Alex Mallory has a piece over at the Huffington Post titled, “The Real Reason Private Schools Drop AP Tests.”
His argument is nice, but everything in it is premised on time, money and resources that most schools don’t have.
Of course a school, or district (does Mallory know about public school districts?) can write their own curricula. They all can, again, if they have the time, money, and expertise to dedicate to the multi-year process of developing a sound, thoroughly examined, and tested, curriculum.
Mallory works hard to pooh pooh AP tests but he doesn’t seem to understand the single biggest reason schools use them (it’s the same reason schools use the IB). The Advanced Placement and International Baccalaureate programs provide developed, well thought-out, reasonably respected curricula that are already done.
Teachers, schools, and school districts- except for the richest (admittedly Mallory’s audience) don’t have the time or resources to write their own curricula. The most important thing undergirding a school’s use of an AP or IB curriculum is that each system, AP or IB, provides quality plan/curriculum that the district/school doesn’t have to develop from scratch.
Mallory harps on the declining recognition of AP for academic credit, but focusing on possibly not receiving collegiate credit after taking the course and sitting for the examination misses the point. The credit is only a piece of the larger process. The college credit is nice for the kids who get it but that’s not what drives schools, students and families to choose AP classes. Quality and rigor drive opting to take and AP class.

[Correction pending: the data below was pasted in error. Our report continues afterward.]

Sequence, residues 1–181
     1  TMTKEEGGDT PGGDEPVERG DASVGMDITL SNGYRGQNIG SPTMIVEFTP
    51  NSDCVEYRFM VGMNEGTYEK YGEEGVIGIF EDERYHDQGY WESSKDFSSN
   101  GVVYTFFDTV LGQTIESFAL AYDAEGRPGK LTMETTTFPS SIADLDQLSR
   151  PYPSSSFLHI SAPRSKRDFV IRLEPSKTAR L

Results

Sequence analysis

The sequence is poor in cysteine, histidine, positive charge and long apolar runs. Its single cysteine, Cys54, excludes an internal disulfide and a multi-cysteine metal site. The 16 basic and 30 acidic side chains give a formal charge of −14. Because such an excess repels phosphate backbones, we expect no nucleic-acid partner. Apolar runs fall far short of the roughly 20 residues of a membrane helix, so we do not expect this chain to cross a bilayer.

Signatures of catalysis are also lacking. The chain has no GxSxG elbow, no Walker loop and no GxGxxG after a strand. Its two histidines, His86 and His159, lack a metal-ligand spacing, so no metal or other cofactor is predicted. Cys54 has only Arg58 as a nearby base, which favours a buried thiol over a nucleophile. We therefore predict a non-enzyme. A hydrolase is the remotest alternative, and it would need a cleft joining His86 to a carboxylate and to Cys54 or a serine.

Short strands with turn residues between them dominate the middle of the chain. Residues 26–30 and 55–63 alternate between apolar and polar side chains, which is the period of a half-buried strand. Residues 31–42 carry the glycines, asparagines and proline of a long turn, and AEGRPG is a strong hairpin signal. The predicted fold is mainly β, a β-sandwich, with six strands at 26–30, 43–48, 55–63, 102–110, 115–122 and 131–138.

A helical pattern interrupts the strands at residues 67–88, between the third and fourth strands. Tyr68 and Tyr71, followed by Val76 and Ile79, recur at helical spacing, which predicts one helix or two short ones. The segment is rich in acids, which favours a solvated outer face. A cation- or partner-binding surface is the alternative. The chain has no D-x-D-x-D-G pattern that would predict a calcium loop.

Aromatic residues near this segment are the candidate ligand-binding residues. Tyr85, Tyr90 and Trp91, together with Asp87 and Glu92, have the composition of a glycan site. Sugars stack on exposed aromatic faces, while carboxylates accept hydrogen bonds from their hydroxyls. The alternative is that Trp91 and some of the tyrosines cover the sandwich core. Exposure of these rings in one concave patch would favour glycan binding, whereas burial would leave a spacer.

Mallory reaches, then, tries to explain that without AP courses students and teachers become free to produce richer college applications.
“…The schools rejecting AP classes have finally acted on what they had recognized for a long time: AP not only restricts curricula that is vastly superior when decided by teachers in the classroom, but is also a hindrance to submitting a top-notch college application by draining too much valuable time from studying for the SAT and preparing for other courses.”(HP)
This statement is just plain wrong in light of the fact that the single most important thing that liberal arts colleges consider when reading application is quality/rigor of course load. AP courses signify a standard of rigor that is accepted, measured, and followed over time. The course frameworks are developed around professionally accepted knowledge and understanding in each course/test field. If a school rejects the AP or any other well known measurable, affordable curricula, it’s the kind of school that has the resources to explain themselves. Most schools that I know can’t afford to do this.
He also argues for the efficacy and primacy of one test, the SAT over the other, AP. AP courses take to much time from preparing for the SAT. Huh?
Here’s the solution: TAKE DIFFICULT, CHALLENGING COURSES. Don’t get hung-up on the tests.
Always take the most challenging course load that you can take. Come college admission time, consideration and admittance grow out of a student’s rigor/quality of course load.
At virtually every school with some degree of selectivity in admission, the single most influential piece of the admission puzzle is quality of courses that the student has taken and how he/she has done in them. This isn’t to say that test scores don’t count only to encourage you to study and recognize the role in the admission equation.
Parents encourage and push your students to take the most difficult course load they can handle. Students, set aside the urge to coast and be comfortable. Fighting, working and growing through a challenging curriculum in high school provides the best preparation for college and, in most cases and places, this means AP courses.
There’s no doubt in my mind that the Advanced Placement and International Baccalaureate programs aren’t going anywhere any time soon.